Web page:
My three biggest freelancing mistakes

Posted on: September 16th, 2010

We all learn from our mistakes. Here are the three I made when I first started out as a freelancer.

Mistake No. 1: Agreeing to drop my price with the promise of further work down the track

There very rarely is further work down the line and, even if there were, how would you get the client to agree to paying your usual, non-discounted rate? Also, each time you’re busy working on discounted projects, you can’t take on other work at your full price.

Mistake No. 2: Saying ‘yes’ to every project

I soon discovered there were some projects that a) I really didn’t enjoy doing and b) weren’t my forte. So I now say ‘no’ whenever such a project comes up and explain to the potential client the kind of work I do undertake. However, I don’t leave them in the lurch; I make a point of finding them a writer for whom that particular project would be right up their street.

Mistake No. 3: Not clarifying exactly which activities were covered in my quote

I quoted a new client to write an annual report and I itemised what this price included. My quote looked something like this:

  • Briefing meeting
  • Assimilating all information
  • Writing first draft
  • Progress meetings
  • Editing to final, approved copy

The problem with this was that the client in question LOVED meetings and I must have gone to about eight altogether. But my quote only said ‘Progress meetings’. I now state exactly how many meetings are included – and the location. Because if a client has a London office and a Manchester office and decides to hold all the meetings in Manchester, that means a whole day out for me, as opposed to about three hours for a London meeting. (Note: I always charge for travel time.)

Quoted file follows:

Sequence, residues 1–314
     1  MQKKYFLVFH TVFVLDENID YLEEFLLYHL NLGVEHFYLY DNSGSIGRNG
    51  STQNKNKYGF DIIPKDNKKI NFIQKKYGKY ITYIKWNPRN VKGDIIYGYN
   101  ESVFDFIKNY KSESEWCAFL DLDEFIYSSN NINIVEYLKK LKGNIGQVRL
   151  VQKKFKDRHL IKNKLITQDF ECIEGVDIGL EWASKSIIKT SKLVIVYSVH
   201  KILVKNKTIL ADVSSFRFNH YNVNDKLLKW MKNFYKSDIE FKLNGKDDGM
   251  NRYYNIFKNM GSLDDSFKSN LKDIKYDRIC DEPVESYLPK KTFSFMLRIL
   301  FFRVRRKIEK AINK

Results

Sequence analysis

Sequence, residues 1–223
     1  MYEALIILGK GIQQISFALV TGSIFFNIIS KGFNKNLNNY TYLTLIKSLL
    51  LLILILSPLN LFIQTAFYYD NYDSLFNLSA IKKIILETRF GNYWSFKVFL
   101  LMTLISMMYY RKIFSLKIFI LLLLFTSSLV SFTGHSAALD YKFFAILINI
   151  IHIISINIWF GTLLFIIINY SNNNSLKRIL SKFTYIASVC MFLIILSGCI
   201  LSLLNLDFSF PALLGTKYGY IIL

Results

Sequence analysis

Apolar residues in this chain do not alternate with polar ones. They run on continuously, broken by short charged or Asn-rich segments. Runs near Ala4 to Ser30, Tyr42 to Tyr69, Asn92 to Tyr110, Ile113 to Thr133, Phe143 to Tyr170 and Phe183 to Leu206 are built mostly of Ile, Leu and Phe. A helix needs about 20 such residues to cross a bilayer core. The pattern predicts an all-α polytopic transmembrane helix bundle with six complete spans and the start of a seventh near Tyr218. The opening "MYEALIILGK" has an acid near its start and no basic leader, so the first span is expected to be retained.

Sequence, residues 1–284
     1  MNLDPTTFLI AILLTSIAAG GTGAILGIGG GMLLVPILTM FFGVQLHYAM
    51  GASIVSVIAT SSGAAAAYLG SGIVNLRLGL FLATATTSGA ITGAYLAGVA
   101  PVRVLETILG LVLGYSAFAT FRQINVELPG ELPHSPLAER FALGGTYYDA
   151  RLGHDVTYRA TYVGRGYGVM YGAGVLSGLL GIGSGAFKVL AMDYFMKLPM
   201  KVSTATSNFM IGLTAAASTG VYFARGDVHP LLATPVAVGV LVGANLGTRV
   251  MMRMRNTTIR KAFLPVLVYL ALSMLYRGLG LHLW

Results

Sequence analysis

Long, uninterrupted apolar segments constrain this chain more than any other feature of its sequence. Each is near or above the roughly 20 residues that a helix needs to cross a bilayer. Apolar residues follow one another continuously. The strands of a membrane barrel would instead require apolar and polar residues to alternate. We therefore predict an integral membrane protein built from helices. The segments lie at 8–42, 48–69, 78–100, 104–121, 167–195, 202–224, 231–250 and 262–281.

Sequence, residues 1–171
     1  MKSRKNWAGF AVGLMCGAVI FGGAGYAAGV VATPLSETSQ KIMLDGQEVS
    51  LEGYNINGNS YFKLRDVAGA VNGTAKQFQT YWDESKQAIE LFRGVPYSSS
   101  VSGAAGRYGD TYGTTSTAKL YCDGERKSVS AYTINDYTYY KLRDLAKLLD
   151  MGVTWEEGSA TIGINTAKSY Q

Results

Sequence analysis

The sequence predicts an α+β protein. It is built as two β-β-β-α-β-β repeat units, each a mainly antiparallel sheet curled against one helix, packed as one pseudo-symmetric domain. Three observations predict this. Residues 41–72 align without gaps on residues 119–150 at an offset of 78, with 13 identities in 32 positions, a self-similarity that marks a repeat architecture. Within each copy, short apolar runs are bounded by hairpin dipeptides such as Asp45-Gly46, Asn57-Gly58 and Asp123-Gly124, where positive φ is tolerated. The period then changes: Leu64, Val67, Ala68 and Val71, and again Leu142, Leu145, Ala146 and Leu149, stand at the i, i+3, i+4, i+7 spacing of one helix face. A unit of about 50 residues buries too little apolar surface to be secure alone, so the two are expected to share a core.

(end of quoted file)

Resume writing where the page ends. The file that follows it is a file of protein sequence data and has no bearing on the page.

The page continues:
The other thing I now state is how many sets of amends my quote includes, with a proviso that says, any subsequent sets of amends will be charged at an hourly rate.

What mistakes have you made along the way that you have learned from?

** I’m on holiday next week and I’ve decided it will be 100% work free, so I’m not taking my laptop with me. I’ll resume my posts and respond to any comments in a week’s time.**

6 Responses to “My three biggest freelancing mistakes”

  1. Douglas Holland
    September 16th, 2010

    Yes I have made these mistakes. But I suspect unlike you Carol, I have actually made them more than Once! Sigh!

  2. Freelance FactFile
    September 16th, 2010

    I’m glad I’m not the only one to make these mistakes, Douglas. And I’ve made more than these three – I’ve just written about my three BIGGEST ones…. :)

  3. Alan Bantatua
    September 19th, 2010

    Yeah, I have slowly found out that one has to be stringent on pricing and when to say ‘NO’ to potential new clients’ especially in quiet periods.

    Best to follow your instinct with how it fares on the ‘initial meeting’ and if you feel can deliver what the client requires to a high level then all is good.

    Thanks for the excellent tips.

  4. Ramona
    September 19th, 2010

    Oh, yeah, have I made these too …

    Now I give a price. If they like it, OK. If not, there’s always a client who knows how to keep a good designer.

  5. Freelance FactFile
    September 22nd, 2010

    @ Alan: ‘Follow your instincts’ is a sound piece of advice. I try to as much as possible and, when I don’t, I always regret it.

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    October 6th, 2010

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